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    Sunday, February 8, 1998

    Forsberg makes easy switch to biathlon

     NOZAWA ONSEN, Japan (AP) -- The transition from cross country ski racing to the biathlon was an easy one for Magadalena Forsberg. Years of hunting birds in Sweden's forests had already given her a shooter's touch.
     She quit cross country racing in 1993 for the biathlon, which combines cross country skiing and shooting. Now she's a gold medal favorite in the women's competition Monday, though you wouldn't know it by the way she talks about her medal chances.
     "If others achieve their life's best there's nothing I will be able to do," the 30-year-old Swede said during training at this spectacular ski resort in the mountains outside Nagano. "Conditions are a bit slower than the icy, slick ones we are used to in this year's World Cup."
     Forsberg is ranked at the top of the World Cup standings and is Sweden's lone medal hope in the women's 15-kilometer individual event.
     But she faces tough competition from Andreja Grasic of Slovenia and Russia's Albina Achatova in a competition that likely will turn on how well the women shoot rather than how fast they ski.
     "It will all be decided on the shooting. And there are so many factors in that," said Zdenek Hak, a trainer on the strong Czech Republic team. "So one day you can be on top and the next you're in the cellar."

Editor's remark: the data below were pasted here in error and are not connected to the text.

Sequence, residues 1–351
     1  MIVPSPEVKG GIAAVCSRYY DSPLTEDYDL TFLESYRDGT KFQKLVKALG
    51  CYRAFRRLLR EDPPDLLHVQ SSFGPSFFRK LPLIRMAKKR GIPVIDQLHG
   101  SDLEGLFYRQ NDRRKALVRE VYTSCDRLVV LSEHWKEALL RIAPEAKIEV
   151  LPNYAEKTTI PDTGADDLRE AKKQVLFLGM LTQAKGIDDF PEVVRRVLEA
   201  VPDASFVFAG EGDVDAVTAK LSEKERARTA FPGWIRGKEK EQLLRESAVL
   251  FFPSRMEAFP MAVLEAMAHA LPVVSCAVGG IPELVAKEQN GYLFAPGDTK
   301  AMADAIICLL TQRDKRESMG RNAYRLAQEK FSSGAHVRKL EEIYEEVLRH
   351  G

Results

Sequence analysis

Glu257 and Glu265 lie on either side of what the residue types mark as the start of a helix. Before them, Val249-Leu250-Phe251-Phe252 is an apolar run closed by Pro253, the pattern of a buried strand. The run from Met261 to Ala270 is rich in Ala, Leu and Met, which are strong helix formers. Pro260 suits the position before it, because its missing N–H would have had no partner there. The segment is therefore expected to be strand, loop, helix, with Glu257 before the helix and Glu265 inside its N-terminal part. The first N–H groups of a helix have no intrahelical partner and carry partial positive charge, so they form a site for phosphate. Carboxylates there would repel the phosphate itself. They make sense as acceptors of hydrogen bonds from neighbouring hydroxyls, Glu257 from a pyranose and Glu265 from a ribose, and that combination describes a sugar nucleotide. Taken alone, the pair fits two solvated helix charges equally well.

The bulk of golds in the six events of biathlon likely will go to Russia, Germany and Norway. But the standings could be jumbled in bad weather, which can play havoc with the shooting.
     Weather was very much on the minds of 200 biathletes from 32 countries competing at what International Biathlon Union president Anders Besseberg describes as "probably the best facility in the world."
     Heavy snow fell on the course Sunday as the women went into their final practice session. Forecasts were for more snow, which would especially hamper the target shooting and slow down the skiing.
     In the 15-kilometer event, competitors start at intervals of 30 seconds and must master a total climb of about 1,500 feet over the course. They carry .22-caliber rifles, weighing about 8 pounds each, and 20 rounds of ammunition.
     Between stretches of skiing, they fire four times at 50-meter-distant targets, alternating prone and standing positions. Each target missed adds a penalty minute to the total time that competitors take to ski and shoot.
     The 1994 women's gold went to Canada's Myriam Bedard and the silver to Anne Briand of France. They will be skiing Monday but both have fared poorly in recent competitions and fallen in world standings.
     An improving American team includes Ntala Skinner, of Sun Valley Idaho, who has proved more consistent this year than the other top woman biathlete, Stacey Wooley, of Newbury, N.H.
     The United States has nine biathletes in the games, including a 1997 junior world champion, 20-year-old Jay Hakkinen of Kasilof, Alaska. But appearing as a senior for the first time, his chances of collecting a medal are slim.
     All, Besseberg says, will be challenged by a course he says puts high demands on the athletes, both in terms of endurance and technical ability.
     "They've used the terrain in a fantastic way," the biathlon chief said. "They looked at the best stadiums in the world and picked up little things they improved on."